Understanding the processes driving the establishment and spread of invasive plants is one of the great challenges for managing global biodiversity. Several mechanisms underpinning the establishment of invasive plants have received empirical support (e.g. increased competitive ability, escape from natural enemies and habitat availability; see ref. 1 for review), yet results from these studies are equivocal as they do not adequately explain the successful establishment of many exotic plants2, 3 and there is a lack of consensus on which mechanisms are the most important. This problem may, in part, stem from most studies focussing on the direct effects of these mechanisms on above ground processes.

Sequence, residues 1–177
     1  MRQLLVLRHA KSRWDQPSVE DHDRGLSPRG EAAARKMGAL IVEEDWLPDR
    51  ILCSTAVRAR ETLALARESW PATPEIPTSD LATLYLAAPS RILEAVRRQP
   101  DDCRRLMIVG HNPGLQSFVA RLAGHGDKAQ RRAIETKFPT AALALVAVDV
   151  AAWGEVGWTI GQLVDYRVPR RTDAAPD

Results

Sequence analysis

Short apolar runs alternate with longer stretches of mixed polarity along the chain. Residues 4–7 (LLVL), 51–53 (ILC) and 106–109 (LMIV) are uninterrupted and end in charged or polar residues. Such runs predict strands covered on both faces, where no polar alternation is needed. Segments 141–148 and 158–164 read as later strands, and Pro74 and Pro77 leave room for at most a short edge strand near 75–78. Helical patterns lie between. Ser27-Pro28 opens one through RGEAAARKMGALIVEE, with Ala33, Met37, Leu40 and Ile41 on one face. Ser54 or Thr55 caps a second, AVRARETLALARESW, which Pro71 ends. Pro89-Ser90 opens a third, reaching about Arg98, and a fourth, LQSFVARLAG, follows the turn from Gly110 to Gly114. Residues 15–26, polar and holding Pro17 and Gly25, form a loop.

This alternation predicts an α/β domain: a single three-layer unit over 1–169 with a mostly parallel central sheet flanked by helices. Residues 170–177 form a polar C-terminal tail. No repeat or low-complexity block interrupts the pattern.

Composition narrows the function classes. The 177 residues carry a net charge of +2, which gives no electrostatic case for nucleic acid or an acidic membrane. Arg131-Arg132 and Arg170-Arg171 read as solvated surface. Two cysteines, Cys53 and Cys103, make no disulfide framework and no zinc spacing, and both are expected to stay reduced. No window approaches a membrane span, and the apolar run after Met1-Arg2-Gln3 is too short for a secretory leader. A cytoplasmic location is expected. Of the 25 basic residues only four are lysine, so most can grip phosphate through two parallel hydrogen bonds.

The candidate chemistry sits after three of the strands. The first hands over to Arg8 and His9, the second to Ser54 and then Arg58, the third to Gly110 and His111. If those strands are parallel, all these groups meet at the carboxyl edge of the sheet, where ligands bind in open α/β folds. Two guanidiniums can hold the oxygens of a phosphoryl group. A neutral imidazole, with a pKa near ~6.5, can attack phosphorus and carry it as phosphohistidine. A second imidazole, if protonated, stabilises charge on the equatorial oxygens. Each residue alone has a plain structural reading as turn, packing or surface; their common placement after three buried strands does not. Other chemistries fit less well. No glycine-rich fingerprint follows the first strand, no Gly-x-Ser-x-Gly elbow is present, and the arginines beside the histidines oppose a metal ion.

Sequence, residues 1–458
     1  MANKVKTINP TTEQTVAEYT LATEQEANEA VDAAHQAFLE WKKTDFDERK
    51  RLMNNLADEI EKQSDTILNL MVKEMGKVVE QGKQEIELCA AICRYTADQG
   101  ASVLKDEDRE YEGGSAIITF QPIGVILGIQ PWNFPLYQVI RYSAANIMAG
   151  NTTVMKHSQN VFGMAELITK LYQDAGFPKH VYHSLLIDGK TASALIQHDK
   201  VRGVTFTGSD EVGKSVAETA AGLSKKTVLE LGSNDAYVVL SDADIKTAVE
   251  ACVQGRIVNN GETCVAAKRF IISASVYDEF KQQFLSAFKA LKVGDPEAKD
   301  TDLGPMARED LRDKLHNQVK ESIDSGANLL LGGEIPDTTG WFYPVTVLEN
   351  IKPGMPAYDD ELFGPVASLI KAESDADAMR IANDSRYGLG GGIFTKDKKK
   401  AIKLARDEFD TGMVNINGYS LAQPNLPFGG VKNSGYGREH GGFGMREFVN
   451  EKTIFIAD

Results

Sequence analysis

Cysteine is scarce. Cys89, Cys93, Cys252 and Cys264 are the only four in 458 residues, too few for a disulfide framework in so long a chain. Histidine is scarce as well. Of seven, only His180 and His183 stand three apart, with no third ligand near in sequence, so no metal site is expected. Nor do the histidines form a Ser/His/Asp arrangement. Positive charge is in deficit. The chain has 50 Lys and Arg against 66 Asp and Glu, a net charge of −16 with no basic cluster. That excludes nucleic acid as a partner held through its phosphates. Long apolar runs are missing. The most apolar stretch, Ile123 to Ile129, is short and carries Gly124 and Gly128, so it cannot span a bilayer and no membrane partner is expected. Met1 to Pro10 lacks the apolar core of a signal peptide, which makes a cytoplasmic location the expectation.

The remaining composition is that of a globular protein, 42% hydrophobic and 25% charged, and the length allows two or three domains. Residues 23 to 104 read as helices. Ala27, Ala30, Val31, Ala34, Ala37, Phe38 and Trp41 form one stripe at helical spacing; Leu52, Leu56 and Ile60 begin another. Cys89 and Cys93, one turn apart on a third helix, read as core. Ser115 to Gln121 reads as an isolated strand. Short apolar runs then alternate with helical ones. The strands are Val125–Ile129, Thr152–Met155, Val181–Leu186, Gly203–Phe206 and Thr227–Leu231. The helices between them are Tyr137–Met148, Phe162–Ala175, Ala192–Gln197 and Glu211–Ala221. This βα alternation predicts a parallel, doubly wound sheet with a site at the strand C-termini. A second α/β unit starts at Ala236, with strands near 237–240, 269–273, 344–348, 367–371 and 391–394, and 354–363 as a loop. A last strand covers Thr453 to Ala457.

A growing body of evidence from terrestrial and less well studied wetland ecosystems demonstrates that the soil microbiota can control the establishment and spread of invasive plants (see refs 3,4,5 reviews). Microbial communities have both positive and negative effects on invasion success6. For example, native and invasive plants can carry pathogenic organisms that can either inhibit or promote invasion success. Invasion success can also be facilitated by the presence of mutualistic microorganisms (e.g. mycorrhizal fungi, and nitrogen-fixing bacteria)7, 8, which enhance the nutrient status of invasive plants potentially altering soil chemistry with negative feedbacks to native plants9. Moreover, the outcomes of interactions between native and invasive plants can be altered by removing or inhibiting (e.g. via autoclaving soils) components of the microbial community responsible for controlling interactions between them (e.g. refs 6 and 10). Incorporating belowground microbial processes into our understanding of native/invasive plant interactions may provide a more holistic framework for determining invasive plant success, and may provide context for equivocal tests of other mechanisms.